We have some questions about whether any observer should be kept from overseeing such public ballot counts. If we had gone to Oregon to oversee the hand count, would it be appropriate to keep out a member of the media or an out-of-state election integrity expert? How about a member of the U.S. Dept. of Justice if they wished to observe in order to try and ensure the count was carried out fairly? Nonetheless, while Oregon law makers may wish to review that questionable statute in the future, it is currently state law and should be fairly and evenhandedly applied.
Ballots excluded due to 'problem signatures'
Of more concern to the "Food Democracy Now" group, however, is what they describe as "a whopping 4,600 some voters who followed all the laws in voting their ballot, but still had it rejected all because a county elections staff found the signature on their ballot did not match the signature on their registration card, which could have been submitted many years ago!"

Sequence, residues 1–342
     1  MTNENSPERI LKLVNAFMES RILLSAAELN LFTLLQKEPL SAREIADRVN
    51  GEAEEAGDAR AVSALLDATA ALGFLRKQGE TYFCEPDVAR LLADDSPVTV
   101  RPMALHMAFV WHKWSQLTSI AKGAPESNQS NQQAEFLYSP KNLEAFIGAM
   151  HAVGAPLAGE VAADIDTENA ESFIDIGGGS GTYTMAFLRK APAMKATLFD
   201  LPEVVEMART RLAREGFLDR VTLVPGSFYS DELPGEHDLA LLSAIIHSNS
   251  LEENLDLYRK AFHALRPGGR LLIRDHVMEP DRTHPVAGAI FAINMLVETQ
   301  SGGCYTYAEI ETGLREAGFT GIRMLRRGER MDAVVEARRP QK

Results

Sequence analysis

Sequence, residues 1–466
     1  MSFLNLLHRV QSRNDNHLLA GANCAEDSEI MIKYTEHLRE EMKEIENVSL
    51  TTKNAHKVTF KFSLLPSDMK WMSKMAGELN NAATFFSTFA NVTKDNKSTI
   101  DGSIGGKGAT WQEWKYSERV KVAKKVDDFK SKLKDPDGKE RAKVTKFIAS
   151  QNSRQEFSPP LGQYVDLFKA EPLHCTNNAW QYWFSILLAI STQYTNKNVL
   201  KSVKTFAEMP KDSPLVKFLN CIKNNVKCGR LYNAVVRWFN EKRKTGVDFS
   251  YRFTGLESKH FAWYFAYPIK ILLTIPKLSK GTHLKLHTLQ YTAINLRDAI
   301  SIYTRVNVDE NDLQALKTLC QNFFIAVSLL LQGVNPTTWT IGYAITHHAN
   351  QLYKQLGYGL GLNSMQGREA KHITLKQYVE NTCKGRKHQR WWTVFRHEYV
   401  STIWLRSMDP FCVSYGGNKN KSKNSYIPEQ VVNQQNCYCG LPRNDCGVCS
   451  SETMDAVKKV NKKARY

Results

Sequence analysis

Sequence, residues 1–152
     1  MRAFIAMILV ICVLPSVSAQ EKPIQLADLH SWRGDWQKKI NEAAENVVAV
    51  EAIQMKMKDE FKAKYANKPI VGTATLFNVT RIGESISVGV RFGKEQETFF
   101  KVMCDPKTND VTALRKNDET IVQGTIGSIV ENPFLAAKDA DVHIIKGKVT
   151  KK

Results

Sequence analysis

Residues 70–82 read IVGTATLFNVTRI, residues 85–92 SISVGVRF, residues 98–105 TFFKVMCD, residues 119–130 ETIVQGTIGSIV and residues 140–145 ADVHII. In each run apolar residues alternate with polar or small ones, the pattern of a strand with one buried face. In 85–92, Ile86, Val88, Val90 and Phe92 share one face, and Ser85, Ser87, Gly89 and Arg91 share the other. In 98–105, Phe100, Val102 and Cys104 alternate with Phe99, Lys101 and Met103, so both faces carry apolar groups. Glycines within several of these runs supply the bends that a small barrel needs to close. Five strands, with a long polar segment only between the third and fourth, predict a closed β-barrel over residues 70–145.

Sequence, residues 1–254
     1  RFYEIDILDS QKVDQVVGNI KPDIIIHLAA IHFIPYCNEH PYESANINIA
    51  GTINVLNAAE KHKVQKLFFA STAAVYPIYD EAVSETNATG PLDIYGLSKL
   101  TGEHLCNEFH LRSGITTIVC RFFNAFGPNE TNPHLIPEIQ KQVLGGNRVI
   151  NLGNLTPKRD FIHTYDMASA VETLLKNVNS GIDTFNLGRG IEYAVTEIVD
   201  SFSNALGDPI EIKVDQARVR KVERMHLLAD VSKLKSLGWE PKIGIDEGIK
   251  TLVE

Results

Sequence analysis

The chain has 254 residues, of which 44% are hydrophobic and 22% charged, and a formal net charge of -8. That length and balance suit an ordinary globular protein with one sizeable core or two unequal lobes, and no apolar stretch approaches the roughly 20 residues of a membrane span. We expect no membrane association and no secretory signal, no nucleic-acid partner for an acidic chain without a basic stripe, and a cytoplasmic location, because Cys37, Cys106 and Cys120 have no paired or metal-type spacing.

In their Saturday note to supporters, the group charged that such rejected ballots, in the all Vote-by-Mail state, do "not say that it will be rejected unless the signature matches the signature on your registration card from however many months or years ago."
"Without clear evidence of fraud or foul play, every signed ballot timely submitted must be opened and counted," proponents allege. "By failing to follow this reasonable and prudent legal standard, Oregon Secretary of State Kate Brown is potentially intentionally disenfranchising Oregon voters, some of whom may not sign every signature the same due to a number of factors, including age, illness and disability."
In another note to supporters on Sunday, focusing only on the excluded ballots, Paige Richardson, the Yes on 92 Campaign Director from RightToKnow.org claimed the group had "spoken with hundreds of voters who followed all the rules --- filling out their ballot, signing the envelope and returning it on time --- only to have their ballot rejected because election officials determined their signature didn't match the one on file."